Why are Spyware removal and Antivirus software separate products?
April 3, 2004 2:47 PM   Subscribe

Why are Spyware removal and Antivirus software separate products? Both are spread insidiously and often involuntarily, the scanning processes are identical, etc. There are a few political/commercial reasons I can think of, but nothing that persuasive.
posted by abcde to Computers & Internet (8 answers total)
At least historically the AV companies have treated any commercial product as legit, even obvious Remote Access Trojans such as Eblaster. I would guess the reason is the fear of being sued, but I'm not sure about that.
However, this seems to be changing, as the 2004 issue of Norton Antivirus includes spyware-removers.
posted by mr.marx at 3:36 PM on April 3, 2004

AV companies are slowly getting around to more spyware detection and removal - slowly.

The first reason is simply that spyware isn't viral. When you installed Gator (for example) you agreed, in a manner of speaking, to let it install its friends at a later date, to let it send anything back to its creators, etc. So, although spyware does Bad Things much like viruses, there's a thin line of distinction. This distinction is important because AV companies don't want to risk action from an legitimate (if unsavory) company because the AV software removed their wares.

From the AV company's perspective - at what point do you draw the line? Do you un-install the 'web accelerator' that proxies all your traffic through third-party servers, but leave Weatherbug which provides a useful (and popular) service but with often unpopular (amongst those concerned) privacy statements? Remember as well that the real customers of AV software are corporate users - annual desktop plus management server license fees are the real cash cow - so the AV vendors aren't going to roll out this functionality until they can present an enterprise-friendly interface.

All that having been said, AV companies are getting into spyware removal. They have a clever euphemism for it that doesn't spring to mind - "possibly undesirable installed programs" or something like that - but I've seen it as a checkbox on some (enterprise) AV configuration software.

OK, I've got to leave for the airport. The other answer is that behavior-based HIPS software (Cisco Secure Agent and Entercept) are the next-generation AV software, and they may recognize and neutralize spyware based on behavior alone.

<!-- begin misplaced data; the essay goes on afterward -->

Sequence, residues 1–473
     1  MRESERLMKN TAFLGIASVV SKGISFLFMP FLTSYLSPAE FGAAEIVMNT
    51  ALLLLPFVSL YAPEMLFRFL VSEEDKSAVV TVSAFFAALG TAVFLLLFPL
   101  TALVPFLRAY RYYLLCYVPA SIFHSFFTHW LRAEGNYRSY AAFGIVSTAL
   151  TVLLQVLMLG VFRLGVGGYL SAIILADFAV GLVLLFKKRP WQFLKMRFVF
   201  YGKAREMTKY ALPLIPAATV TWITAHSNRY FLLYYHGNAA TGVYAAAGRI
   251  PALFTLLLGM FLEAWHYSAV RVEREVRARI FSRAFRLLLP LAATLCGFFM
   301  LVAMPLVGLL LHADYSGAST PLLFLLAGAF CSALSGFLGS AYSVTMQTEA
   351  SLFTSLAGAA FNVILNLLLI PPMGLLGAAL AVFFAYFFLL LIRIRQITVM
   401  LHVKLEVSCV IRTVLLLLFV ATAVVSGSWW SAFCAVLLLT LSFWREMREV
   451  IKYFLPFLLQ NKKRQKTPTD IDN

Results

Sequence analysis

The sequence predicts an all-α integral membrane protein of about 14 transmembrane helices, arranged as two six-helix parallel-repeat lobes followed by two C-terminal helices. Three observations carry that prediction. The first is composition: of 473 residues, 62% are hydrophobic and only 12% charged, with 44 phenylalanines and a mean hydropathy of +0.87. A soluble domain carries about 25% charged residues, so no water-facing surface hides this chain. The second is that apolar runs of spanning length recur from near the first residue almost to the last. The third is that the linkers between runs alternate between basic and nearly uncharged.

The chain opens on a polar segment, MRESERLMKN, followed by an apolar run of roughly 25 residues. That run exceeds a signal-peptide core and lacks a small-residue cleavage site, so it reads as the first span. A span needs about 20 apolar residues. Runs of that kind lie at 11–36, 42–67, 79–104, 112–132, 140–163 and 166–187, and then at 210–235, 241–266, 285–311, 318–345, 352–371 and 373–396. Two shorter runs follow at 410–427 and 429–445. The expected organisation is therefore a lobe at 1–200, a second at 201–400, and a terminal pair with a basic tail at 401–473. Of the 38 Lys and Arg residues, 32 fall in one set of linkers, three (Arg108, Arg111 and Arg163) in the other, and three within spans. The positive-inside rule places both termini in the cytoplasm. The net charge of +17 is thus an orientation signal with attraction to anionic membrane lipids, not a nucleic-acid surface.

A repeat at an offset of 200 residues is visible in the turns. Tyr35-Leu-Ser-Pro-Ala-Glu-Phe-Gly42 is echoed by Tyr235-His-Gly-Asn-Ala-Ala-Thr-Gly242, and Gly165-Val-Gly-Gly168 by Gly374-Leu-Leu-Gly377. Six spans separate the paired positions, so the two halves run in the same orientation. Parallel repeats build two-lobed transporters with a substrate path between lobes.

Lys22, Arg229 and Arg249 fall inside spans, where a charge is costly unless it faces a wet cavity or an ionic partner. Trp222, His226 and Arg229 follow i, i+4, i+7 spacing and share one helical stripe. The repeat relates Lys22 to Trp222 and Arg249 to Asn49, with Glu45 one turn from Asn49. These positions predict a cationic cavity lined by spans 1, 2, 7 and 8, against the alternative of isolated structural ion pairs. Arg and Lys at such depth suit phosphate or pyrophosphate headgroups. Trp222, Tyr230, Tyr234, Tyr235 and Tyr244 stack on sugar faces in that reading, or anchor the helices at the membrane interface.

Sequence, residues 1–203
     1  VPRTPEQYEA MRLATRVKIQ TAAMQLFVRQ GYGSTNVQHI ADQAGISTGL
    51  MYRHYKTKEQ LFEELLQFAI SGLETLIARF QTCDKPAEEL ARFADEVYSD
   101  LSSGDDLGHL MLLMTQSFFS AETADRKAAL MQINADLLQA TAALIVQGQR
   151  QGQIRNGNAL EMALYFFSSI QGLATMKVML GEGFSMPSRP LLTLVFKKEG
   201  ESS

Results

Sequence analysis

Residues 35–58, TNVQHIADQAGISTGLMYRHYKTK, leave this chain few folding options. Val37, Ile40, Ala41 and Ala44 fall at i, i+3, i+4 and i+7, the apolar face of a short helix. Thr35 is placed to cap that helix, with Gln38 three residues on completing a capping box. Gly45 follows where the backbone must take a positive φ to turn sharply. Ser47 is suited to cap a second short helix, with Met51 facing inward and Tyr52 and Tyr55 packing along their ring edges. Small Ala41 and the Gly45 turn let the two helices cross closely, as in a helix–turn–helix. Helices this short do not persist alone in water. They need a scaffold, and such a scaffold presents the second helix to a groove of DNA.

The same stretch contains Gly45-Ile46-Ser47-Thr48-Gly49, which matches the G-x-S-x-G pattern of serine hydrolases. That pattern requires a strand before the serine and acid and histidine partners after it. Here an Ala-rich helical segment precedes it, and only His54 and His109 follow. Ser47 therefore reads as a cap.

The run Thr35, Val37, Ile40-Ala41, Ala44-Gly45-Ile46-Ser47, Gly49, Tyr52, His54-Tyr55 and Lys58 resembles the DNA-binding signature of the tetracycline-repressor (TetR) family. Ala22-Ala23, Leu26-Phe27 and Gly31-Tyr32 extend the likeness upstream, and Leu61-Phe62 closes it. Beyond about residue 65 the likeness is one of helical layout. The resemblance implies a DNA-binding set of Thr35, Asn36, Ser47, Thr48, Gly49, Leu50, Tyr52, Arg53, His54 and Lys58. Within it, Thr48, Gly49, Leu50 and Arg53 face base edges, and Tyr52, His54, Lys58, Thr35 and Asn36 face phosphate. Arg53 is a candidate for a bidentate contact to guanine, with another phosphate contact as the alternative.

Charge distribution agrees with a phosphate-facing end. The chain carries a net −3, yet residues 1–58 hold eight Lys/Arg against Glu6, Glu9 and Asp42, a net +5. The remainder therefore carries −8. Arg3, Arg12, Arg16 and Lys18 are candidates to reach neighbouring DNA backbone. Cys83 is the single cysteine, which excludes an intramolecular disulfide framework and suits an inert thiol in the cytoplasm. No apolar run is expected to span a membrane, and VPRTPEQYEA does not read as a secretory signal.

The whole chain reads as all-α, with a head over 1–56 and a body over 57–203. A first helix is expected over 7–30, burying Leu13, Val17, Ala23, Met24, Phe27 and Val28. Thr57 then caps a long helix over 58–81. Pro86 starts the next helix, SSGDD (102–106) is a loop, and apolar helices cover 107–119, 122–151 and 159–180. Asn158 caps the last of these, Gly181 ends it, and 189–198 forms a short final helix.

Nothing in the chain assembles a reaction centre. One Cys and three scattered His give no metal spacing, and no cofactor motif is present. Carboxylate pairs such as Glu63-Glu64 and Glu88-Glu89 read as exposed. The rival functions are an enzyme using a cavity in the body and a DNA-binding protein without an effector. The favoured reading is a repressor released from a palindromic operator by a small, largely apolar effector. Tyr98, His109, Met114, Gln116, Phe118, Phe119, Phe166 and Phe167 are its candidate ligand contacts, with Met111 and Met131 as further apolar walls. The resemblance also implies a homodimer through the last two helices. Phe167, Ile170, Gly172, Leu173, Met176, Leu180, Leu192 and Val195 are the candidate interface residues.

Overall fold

posted by sohcahtoa at 3:47 PM on April 3, 2004

Dell got a lot of flack recently for instructing its tech support people NOT to tell customers how to remove spyware when it is determined it was the spyware that was causing the customer's problem. The reason is legal. Dell, like the AV companies don't want to have the Gators and the other spyware companies up in its grill threatening lawsuits.

Like sohcahtoa said, there's that line and technically users are giving the spyware companies permission to install.

I've switched to Mac but the other night I had to switch into VPC and run Windows for a while and was blown away by all the opportunities to get spyware presented to the Windows crowd. You unfortunate bastards.
posted by birdherder at 4:12 PM on April 3, 2004

Not to derail, but the only reason there is so much spyware (or anything else for that matter) for windows is because of its overwhelming popularity. Mac's have viruses, so does Linux. The difference is the sheer number of users change how often new viruses and malicious code (I am putting spyware under malicious) gets introduced into the operating system. This is unfortunate for the people who do not know their computer very well and put up with, what for me would be enough to shoot the damn thing, bullshit from all the spyware adverts and system hogging processes.
posted by Keyser Soze at 6:02 PM on April 3, 2004

True Keyser. Malware/Virus writers go for volume. I've gotten spoiled by not seeing any of those annoyances since switching. A benefit of not running the popular OS is less threats of harm or annoyances.

One the first apps I bought was NAV so I get a little reassuance every time I open a .dmg, .sit, or .tar. One of these days someone will write a virus for the Mac to wipe the smug smile off our Mac loving faces.
posted by birdherder at 8:30 PM on April 3, 2004

Good point Keyser, and one of the reasons why I got my mother an imac as her first computer. It's hard enough talking her through problems on that from a distance of several thousand miles without having to deal with some crappy piece of software accidentally downloaded from some malicious pop-up.
posted by thatwhichfalls at 12:19 AM on April 4, 2004

Yet another reason to diversify the OS scene.
posted by kaibutsu at 3:40 AM on April 4, 2004

My new Norton bitch-slapped Gator.
posted by dgaicun at 9:53 PM on April 5, 2004

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